Last updated on July 12th, 2022 at 01:35 pm
When writers decide to take their writing dreams online they tend to make a lot of rookie mistakes because writing for a reader and the type of technology they use as well as for search engines is quite different from writing for a book or print publication.
And even when writers become seasoned bloggers, they still fall back on old bad habits that won’t help their online writing dreams come true.
Today, my focus is to help you to avoid the common mistakes many writers make online.
20 Mistakes Writers Make Online
1. You don’t know who your visitors are.
You think you know what your reader wants, but if I were to sit you down and ask you the following questions, could you answer them with certainty?
Describe your ideal reader –
1. What is his/her age? No range. The age – period.
2. Sex? Not both.
3. Number of children? Their ages? Their sexes?
4. College educated … or not?
6. Scared? About what?
7. Happy? About what?
8. Depressed? About what?
9. Height and weight?
10. Eye color? No, I am not kidding.
12. Bad habits?
13. Sleeping habits?
14. Driving habits?
15. Computer habits?
16. Cell phone habits?
17. Dine-out or in?
18. He/she lives where?
19. Disposable income?
20. Married? Single? Divorced? Widowed?
21. Conservative? Liberal?
22. Spiritual or atheist?
You must be able to answer these questions before you go build your blog, your Tumblr space, or pitch a story to a popular website. It will make all of your writing and publishing decisions much easier. Instead of trying to communicate to a mass visitor base, you should use these questions to create an image of a real reader, so when you do communicate online you are talking directly to this one person as if you were sitting in a restaurant chatting one-on-one.
I’ve had people tell me their blog is for written women over 55, yet they use some dark distracting background and font the size only an 18-year-old can read and chat about bikini season — then wonder why their perfect visitor isn’t interacting with them.
Do you know who you are writing to?
For more understanding of your customer see:
2. You call your website something people won’t easily understand.
What search terms will your perfect visitor use to find you? Will they use Google? Bing? DuckDuckGo? Facebook? Twitter? Pinterest? Reddit? Buzzfeed? Will they be using a Smartphone? What kind of Smartphone? Will your business name and domain name work in all these places?
I love Auto Body shops. They tend to call themselves names like Franks Auto Body Repair, Joe’s Best Auto Repair, Precision Auto Repair, etc. There is no question when you read their logo about what they can do for you.
Why not call one of their websites: www.(name-of-city)bestautorepair.com?
How many people use the term “best auto repair” along with the city when they search? How easy it would be to find them.
Naming your bike riding stories website “belle.com” before you’ve built an established brand under that name won’t bring you the same traffic as bestbikestories.com.
When you start your online venture, no one is going to be searching for ‘Belle’, unless you have a large and very loyal client base who knows you by that name. But in using just that name you will miss the opportunity of getting that first shot at a new visitor looking for bass-ass bike stories.
Your website may never be found because the domain name doesn’t resonate with how your visitor searches online. The same goes for Facebook, or anywhere your visitor hangs out and searches for information. You do know that there are over 150 million blogs out there. It’s an entire country in itself.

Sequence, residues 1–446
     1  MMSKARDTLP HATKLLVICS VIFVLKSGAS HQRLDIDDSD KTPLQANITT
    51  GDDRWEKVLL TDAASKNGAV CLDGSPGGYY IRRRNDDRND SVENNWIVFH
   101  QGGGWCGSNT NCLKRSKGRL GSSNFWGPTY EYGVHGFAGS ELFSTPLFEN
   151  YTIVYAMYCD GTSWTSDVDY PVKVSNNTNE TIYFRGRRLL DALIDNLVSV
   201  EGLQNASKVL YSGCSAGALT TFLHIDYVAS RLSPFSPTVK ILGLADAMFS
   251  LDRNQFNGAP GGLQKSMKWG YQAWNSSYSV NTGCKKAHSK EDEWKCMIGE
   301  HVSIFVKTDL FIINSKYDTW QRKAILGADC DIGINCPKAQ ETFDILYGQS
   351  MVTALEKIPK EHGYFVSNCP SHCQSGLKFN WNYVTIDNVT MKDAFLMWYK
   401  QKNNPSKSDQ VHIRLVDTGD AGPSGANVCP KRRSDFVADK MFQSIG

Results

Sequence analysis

Please name your website something the world can spell. Leave the complicated names for naming your pets.
For more on naming your domain see:
3. You ignore your keyword marketing phrases.
Once you’ve figured out how these people will be searching for you … such as by city, by name, by product, or by service, then not using this information every time you place content online is a sin.
I can tell you with certainty that someone else is doing this and getting your visitors.
Nothing drives me crazier than to see a title online that says, “How To Grow ‘Roses’ in 48 Hours” and the word ‘roses’ is not used in the opening sentence of the content, in sub-headings, in the closing sentence, or used more than two times throughout the page. The image doesn’t even look like the rose. In fact, the story ends up really being about a girl named Rose who grows up quickly due to a life-changing event.
Did I sign up for a “guess where you are” game show?
When your visitor is uses their 4 seconds of an attention span to glance at your story, will they see what they came for, or will they leave because it looked like you were talking about pajamas and 40 cats?
Your potential visitor is not reading a book and walking the halls of the library looking for your best-seller, so show them some kindness and place your keyword in the first sentence (tell them again why they are there), get to your point in the first three sentences, and close with your keyword phrase to remind them why they stopped by.
Because your post is what your title told them it would be… right?
For more on keywords see:
4. You refuse to learn how search and social media work and refuse to apply those principles.
I wish I had a dime for every entrepreneur who thought they had the most amazing idea or story to tell and trusted that just putting it on the Internet would change their lives forever. On the Internet, there isn’t such a thing as street traffic or window shoppers randomly passing by your amazing article because you “pushed it live.”
Running a website requires real work and you must promote your work every single day–both online and offline.
You must discover where your visitor hangs out online and engage with them there in a supportive way and encourage them to come to visit your blog to get more (where there is hopefully more) of wonderful you.
This may mean being on Facebook. Or Twitter. Pinterest. Get over it.